We hope you have lots of fun making and decorating these sock donuts and playing with them! Ours make me want to get a cronut!

Tuesday, 17 May 2016

Self-Care Skills for Kids | Toileting

My first thought about my daughter starting full day kindergarten next year was "uh oh, who will clean her bum after a poop...a messy poop?!". The things we stress about as parents. But seriously, the thought of my kid sitting around at school all day with a dirty bum is anxiety provoking. My recently turned 4-year-old has been potty trained for a while now but I still question her ability to clean her bum properly after the odd messy poop. We put together some useful tips to get your kid ready to master the art of wiping in preparation for kindergarten. If you need a good laugh, check out this post on bum wiping, we got a good chuckle and some good tips from it.
  1. The best way to begin teaching a child how to toilet independently is to model it yourself (or have an older sibling model it) by showing them how to sit on the toilet, how to wipe and how to properly wash their hands. Provide visual and verbal instruction to reinforce learning. Even better, get them to mimic you on a potty beside you.
  2. Set up your washroom at home to increase your child's independence. Invest in a good quality stool (with a rubber bottom to prevent sliding/slipping) for them to access the toilet/sink safely. Make sure the toilet paper roll/flushable wet wipes, hand soap and towel are easily accessible.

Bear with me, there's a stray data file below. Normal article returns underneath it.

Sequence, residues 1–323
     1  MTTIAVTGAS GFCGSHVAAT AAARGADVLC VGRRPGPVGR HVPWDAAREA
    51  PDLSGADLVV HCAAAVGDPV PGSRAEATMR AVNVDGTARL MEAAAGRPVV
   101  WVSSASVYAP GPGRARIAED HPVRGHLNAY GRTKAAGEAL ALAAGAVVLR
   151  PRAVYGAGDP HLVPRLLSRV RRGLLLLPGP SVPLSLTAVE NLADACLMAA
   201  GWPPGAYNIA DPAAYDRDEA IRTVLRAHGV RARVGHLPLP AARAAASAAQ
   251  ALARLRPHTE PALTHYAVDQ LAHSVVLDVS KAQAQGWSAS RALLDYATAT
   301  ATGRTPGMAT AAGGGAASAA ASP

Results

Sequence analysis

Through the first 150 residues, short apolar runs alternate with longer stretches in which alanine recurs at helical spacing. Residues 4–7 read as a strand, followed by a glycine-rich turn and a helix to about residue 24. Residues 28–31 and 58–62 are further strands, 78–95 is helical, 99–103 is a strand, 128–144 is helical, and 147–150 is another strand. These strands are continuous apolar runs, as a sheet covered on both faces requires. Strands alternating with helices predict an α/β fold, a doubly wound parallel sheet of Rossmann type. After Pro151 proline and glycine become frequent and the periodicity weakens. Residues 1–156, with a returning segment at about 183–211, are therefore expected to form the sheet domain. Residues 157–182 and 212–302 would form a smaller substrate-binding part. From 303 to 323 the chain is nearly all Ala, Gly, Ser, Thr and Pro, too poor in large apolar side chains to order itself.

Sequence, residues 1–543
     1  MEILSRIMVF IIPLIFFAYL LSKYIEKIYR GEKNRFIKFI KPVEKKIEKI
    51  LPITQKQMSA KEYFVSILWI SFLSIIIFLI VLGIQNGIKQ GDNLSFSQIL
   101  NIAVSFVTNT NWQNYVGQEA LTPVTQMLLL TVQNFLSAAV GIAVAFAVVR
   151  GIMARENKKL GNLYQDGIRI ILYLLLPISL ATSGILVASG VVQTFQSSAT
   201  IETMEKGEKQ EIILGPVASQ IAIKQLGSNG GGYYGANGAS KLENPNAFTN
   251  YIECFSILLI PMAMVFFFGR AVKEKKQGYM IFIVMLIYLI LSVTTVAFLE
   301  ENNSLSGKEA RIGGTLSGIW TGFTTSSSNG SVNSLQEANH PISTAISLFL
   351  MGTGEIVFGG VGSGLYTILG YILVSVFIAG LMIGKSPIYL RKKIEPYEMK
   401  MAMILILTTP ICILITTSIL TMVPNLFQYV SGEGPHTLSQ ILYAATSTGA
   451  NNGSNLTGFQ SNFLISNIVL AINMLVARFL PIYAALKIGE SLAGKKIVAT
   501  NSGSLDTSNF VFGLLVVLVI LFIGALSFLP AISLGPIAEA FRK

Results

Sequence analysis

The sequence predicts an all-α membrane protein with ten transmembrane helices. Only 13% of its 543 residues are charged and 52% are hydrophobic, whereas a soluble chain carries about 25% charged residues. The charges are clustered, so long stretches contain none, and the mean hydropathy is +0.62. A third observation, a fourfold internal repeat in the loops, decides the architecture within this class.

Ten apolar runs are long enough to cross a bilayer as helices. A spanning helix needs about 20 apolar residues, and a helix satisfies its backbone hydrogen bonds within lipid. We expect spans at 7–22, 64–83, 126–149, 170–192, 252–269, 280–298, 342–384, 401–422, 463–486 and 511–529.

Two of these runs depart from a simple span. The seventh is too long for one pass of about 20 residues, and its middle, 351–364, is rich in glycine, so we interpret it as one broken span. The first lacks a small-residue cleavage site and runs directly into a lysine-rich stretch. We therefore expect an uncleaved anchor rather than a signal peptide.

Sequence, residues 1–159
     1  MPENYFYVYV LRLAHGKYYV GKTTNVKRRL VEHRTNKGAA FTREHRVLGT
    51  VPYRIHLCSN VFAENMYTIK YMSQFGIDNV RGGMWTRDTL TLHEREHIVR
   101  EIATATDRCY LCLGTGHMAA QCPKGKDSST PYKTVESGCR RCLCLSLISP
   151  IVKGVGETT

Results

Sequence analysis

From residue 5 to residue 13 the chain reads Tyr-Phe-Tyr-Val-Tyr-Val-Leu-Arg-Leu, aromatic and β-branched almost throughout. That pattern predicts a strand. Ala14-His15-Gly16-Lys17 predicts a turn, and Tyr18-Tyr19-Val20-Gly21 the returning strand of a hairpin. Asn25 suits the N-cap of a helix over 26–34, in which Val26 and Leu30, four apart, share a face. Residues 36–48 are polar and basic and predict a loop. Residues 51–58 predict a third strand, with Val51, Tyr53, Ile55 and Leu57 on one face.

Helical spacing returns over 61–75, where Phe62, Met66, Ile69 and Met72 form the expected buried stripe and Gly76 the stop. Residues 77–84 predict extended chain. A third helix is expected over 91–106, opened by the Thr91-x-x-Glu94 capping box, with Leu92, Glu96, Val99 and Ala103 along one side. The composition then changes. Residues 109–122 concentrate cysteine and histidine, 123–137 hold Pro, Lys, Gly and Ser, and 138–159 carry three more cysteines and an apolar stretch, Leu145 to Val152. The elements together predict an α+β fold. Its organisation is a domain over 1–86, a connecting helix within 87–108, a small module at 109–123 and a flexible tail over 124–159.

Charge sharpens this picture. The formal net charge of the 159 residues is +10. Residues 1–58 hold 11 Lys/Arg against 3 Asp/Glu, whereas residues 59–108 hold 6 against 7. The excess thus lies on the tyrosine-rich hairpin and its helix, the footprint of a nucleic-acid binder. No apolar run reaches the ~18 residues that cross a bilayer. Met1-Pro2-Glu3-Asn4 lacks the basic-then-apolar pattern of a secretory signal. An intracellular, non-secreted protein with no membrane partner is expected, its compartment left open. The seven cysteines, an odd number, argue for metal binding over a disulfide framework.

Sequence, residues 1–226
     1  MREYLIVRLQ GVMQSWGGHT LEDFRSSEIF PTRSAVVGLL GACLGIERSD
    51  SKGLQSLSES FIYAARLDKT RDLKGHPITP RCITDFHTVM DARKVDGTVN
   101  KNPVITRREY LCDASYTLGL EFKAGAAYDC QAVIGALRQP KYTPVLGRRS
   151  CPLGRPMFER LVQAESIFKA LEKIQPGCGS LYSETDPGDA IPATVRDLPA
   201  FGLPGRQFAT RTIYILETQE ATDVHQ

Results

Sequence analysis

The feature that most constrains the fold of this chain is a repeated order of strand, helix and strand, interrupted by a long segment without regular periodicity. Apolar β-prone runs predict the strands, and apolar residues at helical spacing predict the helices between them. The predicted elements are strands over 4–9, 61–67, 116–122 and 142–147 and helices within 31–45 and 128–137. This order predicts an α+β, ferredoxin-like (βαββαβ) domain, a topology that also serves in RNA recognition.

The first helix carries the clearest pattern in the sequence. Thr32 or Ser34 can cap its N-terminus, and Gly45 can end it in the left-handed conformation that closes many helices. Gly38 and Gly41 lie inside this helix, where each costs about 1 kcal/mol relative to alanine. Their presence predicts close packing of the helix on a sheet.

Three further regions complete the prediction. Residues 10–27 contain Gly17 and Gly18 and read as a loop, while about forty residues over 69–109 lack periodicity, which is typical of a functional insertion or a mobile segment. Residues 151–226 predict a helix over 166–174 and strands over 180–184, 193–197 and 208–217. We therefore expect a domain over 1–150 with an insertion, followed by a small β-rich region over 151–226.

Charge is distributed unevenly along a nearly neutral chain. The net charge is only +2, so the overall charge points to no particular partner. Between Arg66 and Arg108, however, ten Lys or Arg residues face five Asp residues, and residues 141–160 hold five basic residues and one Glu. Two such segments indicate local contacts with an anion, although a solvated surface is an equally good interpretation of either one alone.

Love the rubber mat on top and the rubber strips on the bottom of this  stool!
  3. Dress your child in clothing that makes toileting easier (i.e. elastic waistbands). Avoid clothing that is tight and/or cumbersome to remove (buckles, snaps, zippers, overalls etc).
  4. Use flushable wet wipes initially. Wet wipes will leave their bums sparkling. It also provides greater sensory feedback so they know exactly where they are wiping.
  5. When you start using toilet paper, have your child count the number of toilet paper squares to make sure they are using enough paper to wipe. Depending on the thickness of the toilet paper, 3-5 squares are usually the right amount. I still remember being stuck on a toilet with no toilet paper in sight and asking my toddler to fetch some toilet paper from the other washroom. She returned with a measly quarter square of toilet paper...sigh...FAIL.
  6. Strongly emphasize wiping from front to back. This is especially important in girls to prevent bacteria from getting inside their vaginas. To practice the movement of wiping outside of the washroom, have your kid pass beanbags (or any other object) between their legs, from front to back.